- repeat after 2-3 minutes if bleeding continues
- maximum of 4 doses (1mg)


What are the usual routes of administration for ergometrine?

IV or IM


What are the side effects of ergometrine?

- tonic uterine contraction
- nausea and vomiting
- hypertension
- rarely gangrene at site and convulsions
- cna reduce prolactin levels so potential for delayed lactogenesis


When should ergometrine not be given?

- if placenta has not been born
- severe hypertension or cardiac disease
- hypersensitivity to ergometrine


What drug is often given with ergometrine to prevent nausea/vomiting?

metoclopramide 10mg IV


What is the usual protocol for giving oxytocin in the management of PPH?

- 10IU/1ml IM or IV for active managment of 3rd stage
- may give repeat bolus of 10IU IM or IV (instead of ergometrine if placenta has not been born or if blood pressure is elevated)
- 40IU in 1000mL of sodium chloride 0.9% IV infusion at rate of 250mL/hour if placenta has been born


What is the usual dose of misoprostol in the management of PPH?

800 to 1000 micrograms PR (4-5 tablets)


What is the usual stock strength of misoprostol given PR?

200 microgram tablets


What are the side effects of misoprostol? When should it not be given?

- nausea and vomiting
- diarrhoea
- abdominal pain
- headache
- flushing
- chills
- pyrexia
- hypersensitivity to misoprostol
- may cause GI upset in infant due to transfer in breastmilk


When is misoprostol given in management of PPH?

when neither oxytocin or ergometrine are successful at stopping bleeding


Other than oxytocin, ergometrine and misoprostol, what drugs may be given in managing PPH?

- prostaglandin F2a intramyometrial injection
- syntometrine (oxytocin and ergometrine)


What are the main complications of major PPH?

- shock
- anaemia
- clotting disorders
- organ damage (particularly lung injury and renal failure)


What are the main signs of hypovolaemic shock?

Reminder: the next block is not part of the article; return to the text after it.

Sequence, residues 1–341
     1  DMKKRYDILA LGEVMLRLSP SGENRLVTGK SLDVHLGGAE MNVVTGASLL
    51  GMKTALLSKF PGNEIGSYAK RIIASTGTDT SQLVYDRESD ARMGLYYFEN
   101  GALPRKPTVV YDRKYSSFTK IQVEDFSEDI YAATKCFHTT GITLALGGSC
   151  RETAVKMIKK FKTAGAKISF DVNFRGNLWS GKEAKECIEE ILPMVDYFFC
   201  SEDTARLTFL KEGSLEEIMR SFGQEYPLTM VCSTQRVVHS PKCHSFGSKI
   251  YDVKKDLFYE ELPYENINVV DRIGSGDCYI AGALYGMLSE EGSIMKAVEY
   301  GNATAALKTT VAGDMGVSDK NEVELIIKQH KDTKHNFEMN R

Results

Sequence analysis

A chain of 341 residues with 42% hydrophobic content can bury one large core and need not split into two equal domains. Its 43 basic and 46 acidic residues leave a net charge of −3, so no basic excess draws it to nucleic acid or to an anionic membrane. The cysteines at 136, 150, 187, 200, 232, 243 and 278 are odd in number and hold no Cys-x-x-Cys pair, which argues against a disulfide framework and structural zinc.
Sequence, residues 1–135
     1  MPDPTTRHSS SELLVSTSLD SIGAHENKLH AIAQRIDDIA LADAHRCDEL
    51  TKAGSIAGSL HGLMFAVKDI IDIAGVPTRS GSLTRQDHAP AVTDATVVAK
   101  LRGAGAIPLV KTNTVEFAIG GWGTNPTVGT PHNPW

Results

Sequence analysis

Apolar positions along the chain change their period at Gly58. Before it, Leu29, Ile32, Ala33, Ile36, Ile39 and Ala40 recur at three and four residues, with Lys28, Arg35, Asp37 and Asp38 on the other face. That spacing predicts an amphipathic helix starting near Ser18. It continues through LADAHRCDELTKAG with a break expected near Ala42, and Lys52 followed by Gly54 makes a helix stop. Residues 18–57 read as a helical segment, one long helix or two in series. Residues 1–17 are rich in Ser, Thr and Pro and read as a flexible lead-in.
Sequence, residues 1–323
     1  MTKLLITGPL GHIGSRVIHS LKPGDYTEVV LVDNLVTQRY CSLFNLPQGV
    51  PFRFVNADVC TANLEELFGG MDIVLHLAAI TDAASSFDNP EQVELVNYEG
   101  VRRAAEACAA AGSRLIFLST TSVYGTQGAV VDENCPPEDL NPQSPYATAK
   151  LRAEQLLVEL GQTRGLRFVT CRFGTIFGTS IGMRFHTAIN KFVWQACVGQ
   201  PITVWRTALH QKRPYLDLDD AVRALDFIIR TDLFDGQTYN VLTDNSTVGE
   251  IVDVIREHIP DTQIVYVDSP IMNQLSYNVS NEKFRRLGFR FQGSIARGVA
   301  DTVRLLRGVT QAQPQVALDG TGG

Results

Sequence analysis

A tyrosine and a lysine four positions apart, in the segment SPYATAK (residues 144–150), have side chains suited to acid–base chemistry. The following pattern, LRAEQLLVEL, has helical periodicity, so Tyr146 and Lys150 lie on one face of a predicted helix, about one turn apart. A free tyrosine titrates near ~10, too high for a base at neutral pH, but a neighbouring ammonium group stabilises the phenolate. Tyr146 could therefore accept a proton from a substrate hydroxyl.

- hypotension
- anxiety
- confusion
- decreased level of consciousness
- shortness of breath/ hyperventilation
- restlessness
- palpitations/ tachycardia
- chills
- pale and clammy
- thirst
- oliguria


What are the risk factors for postpartum venous thromboembolism?

- age>35
- parity>4
- clotting disorders
- dehydration
- pre-eclampsia
- prolonged labour
- immobility
- obesity
- varicose veins
- surgery
- excessive blood loss
- instrumental birth


What equipment should be in a PPH box?

- cannulation (16G, 18G, swabs, tegaderm, tape)
- pathology (23G, 21G needles, blood tubes, tourniquet, swabs, bags, slips, 10mL syringes)
- IV giving sets (standard/pump) + accessories (luer-lock connectors, additive labels, multi-adapters, 3-way adapter)
- bags of sodium chloride/hartmanns/gelofusine
- catheter (14ch foley, bag/urimeter, 10mL water for injections, 10mL syringe)
- ampules of saline/water for injections
- misoprostol 200mcg tablets

in fridge :
- oxytocin 10IU ampoules
- ergometrine 500mcg ampoules
- prostaglandin F2a (dinoprost)
- additive lables
- syringes (2mL, 5mL)
- needles (19G, 23G, 25G and spinal)


In many healthy pregnant women there are no clinical signs of shock until what volume of blood loss?

- >1000-1500ml of blood loss


Apart from the 4 Ts, what other causes may cause PPH?

- uterine rupture
- uterine inversion
- puerperal haematoma
- other causes (liver rupture, amniotic fluid embolism)


Once bleeding is controlled, what ongoing midwifery care is vital for women who have had PPH?

- monitoring vital signs, fundal tone, blood loss, haemoglobin
- promote mother/infant bonding
- transfer (to postnatal ward/ICU/HDU/tertiary facility)
- documentation
- psychological support and debriefing
- management of anaemia
- VTE prophylaxis, monitor for DVT/PE
- education about self care
- advice regarding follow up